Endocrine disorders: Hyperadrenocorticism (Cushing’s disease), hyperthyroidism, diabetes mellitus, diabetes insipidus, pyometra, or secondary hyperparathyroidism.
Non-infectious/Acquired diseases: Kidney disease or liver disease.
Infectious diseases: Leptospirosis, cystitis (inflammation/infection of the bladder, usually causing frequent urination), or pyelonephritis (kidney infection, usually bacterial).
Toxicity: Ethylene glycol (antifreeze), chocolate, cholecalciferol (rodenticide), organophosphates (frequent urination), calcipotriene (human psoriasis medication), vitamin D, aminoglycoside antibiotics, or amphotericin B (antibiotic).
Congenital/Inherited disorders: Primary parathyroid hyperplasia (in German Shepherd Dogs), portosystemic shunt, renal dysplasia/hypoplasia (abnormal kidney development; in Miniature Schnauzers, Alaskan Malamutes, Cocker Spaniels, Doberman Pinschers, Lhasa Apsos, and many other breeds), chronic hepatitis (Doberman Pinschers), or hepatic amyloidosis (Shar-Pei).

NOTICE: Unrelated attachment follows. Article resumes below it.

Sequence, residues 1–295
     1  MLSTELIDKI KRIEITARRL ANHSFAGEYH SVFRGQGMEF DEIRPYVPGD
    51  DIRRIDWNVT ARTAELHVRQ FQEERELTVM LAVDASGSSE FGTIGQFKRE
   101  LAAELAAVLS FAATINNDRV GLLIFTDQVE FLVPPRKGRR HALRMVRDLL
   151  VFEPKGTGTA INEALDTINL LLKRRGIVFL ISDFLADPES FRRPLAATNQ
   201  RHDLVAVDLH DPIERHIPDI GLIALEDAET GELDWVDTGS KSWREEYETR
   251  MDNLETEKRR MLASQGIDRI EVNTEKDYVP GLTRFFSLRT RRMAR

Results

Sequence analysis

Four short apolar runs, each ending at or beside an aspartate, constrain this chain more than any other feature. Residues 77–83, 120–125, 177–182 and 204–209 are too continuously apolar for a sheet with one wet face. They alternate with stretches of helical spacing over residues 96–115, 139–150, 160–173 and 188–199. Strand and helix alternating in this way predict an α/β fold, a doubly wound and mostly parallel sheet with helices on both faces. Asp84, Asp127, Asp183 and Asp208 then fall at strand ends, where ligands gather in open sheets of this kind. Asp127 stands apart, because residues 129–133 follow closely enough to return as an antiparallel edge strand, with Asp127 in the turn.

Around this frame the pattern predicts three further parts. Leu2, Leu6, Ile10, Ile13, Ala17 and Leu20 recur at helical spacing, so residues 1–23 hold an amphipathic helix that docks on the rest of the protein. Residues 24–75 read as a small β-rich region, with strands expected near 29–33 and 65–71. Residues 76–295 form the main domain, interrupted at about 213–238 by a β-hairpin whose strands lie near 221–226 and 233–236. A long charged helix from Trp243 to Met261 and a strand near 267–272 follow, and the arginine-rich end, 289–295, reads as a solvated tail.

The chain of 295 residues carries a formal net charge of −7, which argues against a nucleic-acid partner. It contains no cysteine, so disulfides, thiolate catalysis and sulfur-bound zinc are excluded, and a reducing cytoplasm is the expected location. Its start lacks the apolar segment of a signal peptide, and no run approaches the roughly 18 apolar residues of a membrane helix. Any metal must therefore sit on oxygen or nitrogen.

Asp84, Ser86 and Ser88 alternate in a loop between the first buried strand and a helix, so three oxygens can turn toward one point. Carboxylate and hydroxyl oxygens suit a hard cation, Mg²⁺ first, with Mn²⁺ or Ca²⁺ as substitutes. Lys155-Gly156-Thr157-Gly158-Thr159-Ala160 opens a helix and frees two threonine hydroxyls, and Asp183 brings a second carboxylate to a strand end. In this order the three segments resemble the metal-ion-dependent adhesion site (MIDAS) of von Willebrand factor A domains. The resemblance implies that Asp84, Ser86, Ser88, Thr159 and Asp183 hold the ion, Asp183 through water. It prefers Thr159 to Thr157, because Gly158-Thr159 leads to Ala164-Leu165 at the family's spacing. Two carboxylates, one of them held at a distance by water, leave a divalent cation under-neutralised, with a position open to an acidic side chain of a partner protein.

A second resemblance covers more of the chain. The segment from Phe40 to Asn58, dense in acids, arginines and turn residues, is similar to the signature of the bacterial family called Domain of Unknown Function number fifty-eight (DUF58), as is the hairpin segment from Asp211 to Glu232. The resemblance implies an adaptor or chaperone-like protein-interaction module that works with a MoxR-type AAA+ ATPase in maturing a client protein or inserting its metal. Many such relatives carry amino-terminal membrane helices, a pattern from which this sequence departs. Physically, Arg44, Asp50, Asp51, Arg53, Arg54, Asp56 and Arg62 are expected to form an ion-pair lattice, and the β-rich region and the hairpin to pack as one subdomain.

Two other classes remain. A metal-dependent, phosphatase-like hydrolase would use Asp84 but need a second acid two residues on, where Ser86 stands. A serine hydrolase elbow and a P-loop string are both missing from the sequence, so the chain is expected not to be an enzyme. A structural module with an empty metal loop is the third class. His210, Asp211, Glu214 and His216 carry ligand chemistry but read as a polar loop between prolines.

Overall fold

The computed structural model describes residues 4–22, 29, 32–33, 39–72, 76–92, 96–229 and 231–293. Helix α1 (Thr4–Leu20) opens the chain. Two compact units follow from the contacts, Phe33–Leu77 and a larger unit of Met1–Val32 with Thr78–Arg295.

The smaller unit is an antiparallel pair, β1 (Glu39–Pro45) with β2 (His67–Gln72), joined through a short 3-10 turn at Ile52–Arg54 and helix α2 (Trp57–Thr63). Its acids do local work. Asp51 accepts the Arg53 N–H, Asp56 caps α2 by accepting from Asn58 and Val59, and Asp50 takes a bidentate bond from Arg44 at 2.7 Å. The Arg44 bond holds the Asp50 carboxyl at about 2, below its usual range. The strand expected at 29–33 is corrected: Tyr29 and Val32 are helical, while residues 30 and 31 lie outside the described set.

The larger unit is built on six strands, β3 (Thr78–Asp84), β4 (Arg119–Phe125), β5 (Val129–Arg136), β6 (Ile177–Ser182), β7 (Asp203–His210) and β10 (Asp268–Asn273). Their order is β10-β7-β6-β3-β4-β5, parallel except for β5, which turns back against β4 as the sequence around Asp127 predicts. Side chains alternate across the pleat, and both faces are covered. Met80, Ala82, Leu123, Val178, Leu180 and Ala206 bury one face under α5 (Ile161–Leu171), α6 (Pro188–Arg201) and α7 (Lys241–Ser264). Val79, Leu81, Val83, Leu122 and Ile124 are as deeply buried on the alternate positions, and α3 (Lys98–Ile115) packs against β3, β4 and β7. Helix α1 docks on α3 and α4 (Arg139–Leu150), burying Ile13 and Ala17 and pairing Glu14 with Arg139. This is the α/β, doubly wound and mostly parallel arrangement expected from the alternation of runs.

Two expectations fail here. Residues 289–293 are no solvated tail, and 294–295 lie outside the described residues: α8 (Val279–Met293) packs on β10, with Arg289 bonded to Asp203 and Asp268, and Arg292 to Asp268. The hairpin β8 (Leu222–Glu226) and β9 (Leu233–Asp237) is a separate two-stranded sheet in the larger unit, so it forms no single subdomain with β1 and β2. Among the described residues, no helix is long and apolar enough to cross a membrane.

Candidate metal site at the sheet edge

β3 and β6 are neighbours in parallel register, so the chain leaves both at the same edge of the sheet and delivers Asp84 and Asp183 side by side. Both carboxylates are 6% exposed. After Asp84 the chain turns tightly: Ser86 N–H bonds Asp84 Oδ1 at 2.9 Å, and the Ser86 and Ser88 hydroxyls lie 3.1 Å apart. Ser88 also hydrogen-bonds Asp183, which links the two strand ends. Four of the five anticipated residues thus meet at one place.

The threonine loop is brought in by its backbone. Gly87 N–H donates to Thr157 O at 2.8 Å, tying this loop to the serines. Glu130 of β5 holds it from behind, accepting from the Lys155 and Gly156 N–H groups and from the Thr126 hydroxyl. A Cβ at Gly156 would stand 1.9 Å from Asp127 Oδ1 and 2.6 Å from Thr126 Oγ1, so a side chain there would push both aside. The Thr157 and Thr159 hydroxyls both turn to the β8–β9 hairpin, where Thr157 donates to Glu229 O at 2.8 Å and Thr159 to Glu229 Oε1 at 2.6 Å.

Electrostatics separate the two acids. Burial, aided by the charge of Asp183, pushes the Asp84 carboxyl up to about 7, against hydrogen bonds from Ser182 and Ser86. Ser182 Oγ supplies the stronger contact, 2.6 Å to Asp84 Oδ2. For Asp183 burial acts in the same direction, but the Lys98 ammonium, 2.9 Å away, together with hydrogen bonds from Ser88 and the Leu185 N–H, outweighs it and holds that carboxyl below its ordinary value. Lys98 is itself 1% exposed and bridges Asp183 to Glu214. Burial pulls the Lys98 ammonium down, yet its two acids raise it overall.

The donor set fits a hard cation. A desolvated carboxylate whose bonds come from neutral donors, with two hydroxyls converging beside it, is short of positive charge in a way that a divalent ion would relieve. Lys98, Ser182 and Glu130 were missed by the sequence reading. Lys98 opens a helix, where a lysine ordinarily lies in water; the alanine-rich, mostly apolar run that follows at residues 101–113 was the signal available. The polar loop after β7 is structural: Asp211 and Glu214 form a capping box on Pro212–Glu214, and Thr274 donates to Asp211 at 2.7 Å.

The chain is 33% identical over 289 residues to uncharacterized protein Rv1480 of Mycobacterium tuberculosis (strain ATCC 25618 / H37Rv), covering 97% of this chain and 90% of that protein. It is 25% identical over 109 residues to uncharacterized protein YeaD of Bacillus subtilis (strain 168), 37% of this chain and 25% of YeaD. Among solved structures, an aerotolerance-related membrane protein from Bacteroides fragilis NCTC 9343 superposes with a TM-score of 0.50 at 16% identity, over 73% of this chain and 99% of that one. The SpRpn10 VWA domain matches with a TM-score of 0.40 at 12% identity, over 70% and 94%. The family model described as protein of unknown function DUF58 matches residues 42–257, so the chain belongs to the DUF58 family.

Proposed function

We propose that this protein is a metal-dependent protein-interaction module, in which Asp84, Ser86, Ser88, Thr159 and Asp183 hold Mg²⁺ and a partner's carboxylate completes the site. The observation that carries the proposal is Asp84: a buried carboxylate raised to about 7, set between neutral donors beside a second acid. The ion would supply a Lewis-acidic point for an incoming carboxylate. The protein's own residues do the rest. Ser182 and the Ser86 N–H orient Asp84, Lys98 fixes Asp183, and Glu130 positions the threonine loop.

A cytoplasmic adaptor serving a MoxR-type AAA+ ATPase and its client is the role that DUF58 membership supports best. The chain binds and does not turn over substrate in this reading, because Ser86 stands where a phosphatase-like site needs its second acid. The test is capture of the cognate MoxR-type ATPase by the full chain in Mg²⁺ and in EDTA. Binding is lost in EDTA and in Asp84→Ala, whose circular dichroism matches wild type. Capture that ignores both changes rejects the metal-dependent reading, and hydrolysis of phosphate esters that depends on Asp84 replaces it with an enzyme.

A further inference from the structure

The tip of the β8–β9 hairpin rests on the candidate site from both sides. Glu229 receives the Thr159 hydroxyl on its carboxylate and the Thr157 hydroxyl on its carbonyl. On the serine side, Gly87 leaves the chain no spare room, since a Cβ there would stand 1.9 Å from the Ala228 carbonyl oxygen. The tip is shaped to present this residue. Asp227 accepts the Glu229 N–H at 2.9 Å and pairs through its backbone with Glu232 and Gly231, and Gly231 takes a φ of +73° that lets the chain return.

Drug reactions: Glucocorticoids or phenobarbital.
Tumors: In pituitary, liver, adrenal glands, anal sacs (when accompanied by paraneoplastic syndrome), or malignant lymphoma.
Miscellaneous disorders: Paraneoplastic syndrome (if accompanied by hypercalcemia) or polycythemia (abnormal increase in red blood cells, either primary or secondary to another disease).
What to do: Increased urination may or may not be an emergency, depending on the cause, duration, and presence of other symptoms. Contact your veterinarian or emergency clinic immediately for specific advice about your dog’s situation.
Disclaimer: DogChannel.com’s Dog Medical Conditions are intended for educational purposes only. They are not meant to replace the expertise and experience of a professional veterinarian. Do not use the information presented here to make decisions about your dog’s ailment. If you notice changes in your dog’s health or behavior, please take your pet to the nearest veterinarian or an emergency pet clinic as soon as possible.